Enumerative Practices of the Indian State and the Disabled: Avinash Shahi

Guest post by AVINASH SHAHI

The 2011 Census release on disabled population in India is shocking, exposing the fallacious methodology and technique used by census enumerators while counting the disabled population in the country. According to census figures, the population of disabled people has gone up to 26.8 million in 2011. In the last decade the numbers have increased just below six million from 21.9 million in 2001. Surprisingly, these low numbers follow the collaboration between the Census Commission, NCPEPD and Diversity and Equal Opportunity Centre (DEOC) for sensitizing, and imparting training to census master trainers.

The idea was to frame questions on disability and include these in the Census questionnaire. Nonetheless, millions have yet again been rendered invisible.  In 2001, the Census Commission collected data on five categories of disability among different disabled groups, and found that visual disability emerged as the top category at 48.5%. The other disabilities population enumerated by the census were as follows in descending order: In movement (27.9%), Mental (10.3%), in speech (7.5%), and in hearing (5.8%). In contrast, the 2011 Census initial release percentage among different disabled categories has changed drastically. The persons with blindness now stand at third place. 

In the 2011 Census, despite eight categories unlike five in the previous Census count, there are 14.9 million men with disabilities as compared to 11.8 million women in the country with the total number of disabled people over 18 million in the rural areas and just 8.1 million enumerated in the urban settings. The percentage of men with disabilities is 2.41 as against 2.01 in women. In percentage terms, it has merely risen from 2.13 per cent to 2.21 per cent. It seems the enumerators were not sensitized and made aware amply about counting disabled particularly in rural India.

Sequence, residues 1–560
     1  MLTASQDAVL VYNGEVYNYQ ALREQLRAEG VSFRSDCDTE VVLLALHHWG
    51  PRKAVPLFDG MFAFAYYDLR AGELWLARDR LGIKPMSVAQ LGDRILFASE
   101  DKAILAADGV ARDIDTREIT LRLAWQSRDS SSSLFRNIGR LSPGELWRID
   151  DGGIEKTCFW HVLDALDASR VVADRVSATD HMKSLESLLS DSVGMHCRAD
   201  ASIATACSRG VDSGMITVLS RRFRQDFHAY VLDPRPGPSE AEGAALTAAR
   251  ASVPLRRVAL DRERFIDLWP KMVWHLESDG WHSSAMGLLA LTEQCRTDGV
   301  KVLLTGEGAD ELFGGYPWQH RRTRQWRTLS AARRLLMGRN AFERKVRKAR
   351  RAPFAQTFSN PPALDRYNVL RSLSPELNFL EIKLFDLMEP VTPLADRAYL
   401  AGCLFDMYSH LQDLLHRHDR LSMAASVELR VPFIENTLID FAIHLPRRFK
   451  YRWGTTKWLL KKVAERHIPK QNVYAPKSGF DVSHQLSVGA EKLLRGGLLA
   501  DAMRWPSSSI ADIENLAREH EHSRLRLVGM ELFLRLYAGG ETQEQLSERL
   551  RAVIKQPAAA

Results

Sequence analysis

In India, despite huge disability, ascertaining exact data on disability is really a daunting task simply because census enumerators do not ask disability related questions in ways that would elicit accurate responses. Just consider two ways of asking questions: (A) do you have any disability? (B) Do you have difficulty seeing, even if you wear glasses? Both questions will elicit different answers. However, our enumerators only ask whether any member of the household is disabled? Or do you have disability? Such questions are unlikely to elicit correct response from households, because the stigma attached with disability prevents people from revealing disability. Therefore how questions are asked is very important to get exact figures. Besides, what disability means is not shared a discourse, and therefore the nature of question asked must factor in the difficulties of translating lived experience framed by cultural categories into governmental categories.

Purpose of census: The census exercise is undertaken for various purposes such as monitoring of functioning in population, provisioning of services and equalization of opportunities. Yet governmentality does not take disability seriously even though there is far more public awareness and advocacy today for disability rights? It would appear that the census design is exclusionary since it is now an accepted principle that the more people who are living with particular functional limitations, the more visible the issue will be. The data on disability is collected to design and implement programmes aimed at providing services to disabled population. Data on disability also helps policy makers to assess the impact of having a limitation on individual and their families; the aim of inclusive development is to enable all people to gain equal opportunity in their lives. But census figures of 2011 has done injustice to millions disabled persons who will be left out from obtaining services for their subsistence.